Pictured: Martin O’Brien, CEO, Louth Meath Education and Training Board
Martin O’Brien is CEO of the Louth Meath Education and Training Board, the largest provider of education and training in Louth and Meath, delivering a range of educational services at primary and post-primary and also in further education and training.
What are your main priorities and goals in your role?
To establish the Louth and Meath ETB as the number one provider of Further Education and Training (FET) in Ireland.
What are your biggest challenges as CEO?
Recruitment of staff in an environment where private industry can offer higher renumeration.
How do you keep your team/ staff motivated?
By continuously innovating and developing. By achieving results and giving team credit. Under my leadership and in collaboration with my directors and staff, the LMETB is constantly involved in a wide range of innovative FET projects.
What are the challenges facing the industry going forward?
Providing an agile and responsive FET service that delivers the skills requirements of the present and future workforce for industry against the backdrop of pay and recruitment challenges in our sector
What new trends are emerging in your industry?
Cyber, Climate, Energy, Advanced Manufacturing and Industry 5.0. To meet the skills training required to support those trends, in 2021, the LMETB established the All-Ireland Advanced Manufacturing Training Centre of Excellence in Dundalk (AMTCE).
We are also currently exploring other major projects like the development of Cybersecurity , Construction and Green Skills Hubs. All these initiatives are established in close collaboration with national and international partners.
Are there any major changes you would like to see in your sector?
Fully delegated authority to enable the filling of posts. At present we must apply to the Department for approval to advertise a huge range of positions and this causes delays.
As an employer are you finding any skill gaps in the market?
Shortages of suitably qualified staff for certain roles in Further Education. This is compounded by public sector pay scales that are lower than those in private industry. Candidates apply but often refuse the position because of the salary.
How did your strategy develop in the context of the banking crisis and economic crisis?
Our FET strategy was curtailed due to an embargo on recruitment. FEMPI imposed huge take home pay cuts on staff, we had unfilled posts, and this created a scenario where we were asking staff to do more for less pay. It was a difficult period all round but thankfully, we were able to progress the strategy through working closely with staff, supporting and encouraging them.
Consequently, we were delighted with the recent announcement that LMETB is the top Education and Training Board in Ireland in respect of the implementation of its FET strategy last year.
How has Brexit affected you?
Brexit brought challenges to employers and their workforce and LMETB is addressing these, in co-operation with the EI and SOLAS by, for example , the establishment of the AMTCE in Dundalk. Our aim is to support businesses on their digitisation journey , maintain and increase their competitiveness in the global market and provide the future skills for their workforce.
How has the COVID-19 crisis affected your business/sector?
The change to online teaching and learning was challenging and costly but overall, it was highly successful because all frontline services were maintained. In fact, learnings from that period afforded us new opportunities for different working arrangements, participation in teaching and learning and meetings. We learnt that the continuity of service provision can be and will be different going forward.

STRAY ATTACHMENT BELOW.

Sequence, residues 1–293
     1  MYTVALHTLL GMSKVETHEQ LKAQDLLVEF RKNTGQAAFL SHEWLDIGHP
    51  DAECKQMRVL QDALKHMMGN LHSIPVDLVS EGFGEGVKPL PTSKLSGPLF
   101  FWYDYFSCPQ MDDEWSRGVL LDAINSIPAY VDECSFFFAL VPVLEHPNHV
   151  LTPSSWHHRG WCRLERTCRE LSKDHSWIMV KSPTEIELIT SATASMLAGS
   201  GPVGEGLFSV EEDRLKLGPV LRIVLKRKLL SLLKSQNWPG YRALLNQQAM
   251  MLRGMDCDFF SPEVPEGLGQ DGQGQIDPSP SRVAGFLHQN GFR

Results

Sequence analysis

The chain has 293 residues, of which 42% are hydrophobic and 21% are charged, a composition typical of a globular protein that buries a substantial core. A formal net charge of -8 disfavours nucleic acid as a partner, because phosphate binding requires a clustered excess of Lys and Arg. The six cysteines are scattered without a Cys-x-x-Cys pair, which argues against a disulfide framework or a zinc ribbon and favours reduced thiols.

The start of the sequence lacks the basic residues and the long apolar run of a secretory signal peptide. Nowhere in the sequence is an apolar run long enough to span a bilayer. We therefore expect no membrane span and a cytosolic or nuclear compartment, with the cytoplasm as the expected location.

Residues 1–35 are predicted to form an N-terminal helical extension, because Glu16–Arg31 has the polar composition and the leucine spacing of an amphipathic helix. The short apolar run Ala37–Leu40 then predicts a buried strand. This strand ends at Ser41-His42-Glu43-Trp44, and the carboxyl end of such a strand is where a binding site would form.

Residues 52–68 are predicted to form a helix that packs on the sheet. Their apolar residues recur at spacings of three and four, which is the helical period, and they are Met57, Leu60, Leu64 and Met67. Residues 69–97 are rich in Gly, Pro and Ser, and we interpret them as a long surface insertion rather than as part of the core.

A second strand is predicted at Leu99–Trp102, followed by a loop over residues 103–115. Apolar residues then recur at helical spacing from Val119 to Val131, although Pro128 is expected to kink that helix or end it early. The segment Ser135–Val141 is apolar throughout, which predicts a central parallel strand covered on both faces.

How do you define success and what drives you to succeed?
For me, success takes many forms. It’s the completion of a project and it’s also supporting individuals to reach their potential. It’s the provision of training and upskilling that empowers industry to sustain global shocks, to be more competitive and more efficient. It’s the effective administration and management of our range of services. To me, success is about delivering a plethora of supports, interventions and courses that enables individuals to live a fulfilling life and contribute in a peaceful, positive way to society.
What’s the best advice you’ve been given, or would give, in business?
Innovate, innovate, innovate. To quote the well-known US scientist and academic administrator William R. Brody – knowledge drives innovation, innovation drives productivity, productivity drives economic growth.
What have been your highlights in business over the past year?
The foundation and development of the all-Ireland AMTCE (Advanced Manufacturing Training Centre of Excellence) in Dundalk. We established the Centre in 2021 to deliver the hands-on skills-oriented training needed to underpin the transition of Irish enterprise to industry 4.0 based operations, with a focus on manufacturing, pharma, food & drink, construction and engineering sectors.
What’s next for your organisation?
We have several national initiatives that we are seeking to develop in areas like climate, cyber, electric vehicles, 3D concrete printing and quarrying and mining.
Where do you want your business/brand to be this time next year?
Maintain our status as the leading Education and Training Board in Ireland in the implementation of our further education strategy. We want to continue building on our mission to be the best provider of present and future skills, supports and inclusive services to people and businesses so that they have the knowledge and skills to compete globally. LMETB has recently received the greenlight for multi-million capital investment in Drogheda and Navan and we’re looking forward to progressing those projects in 2023.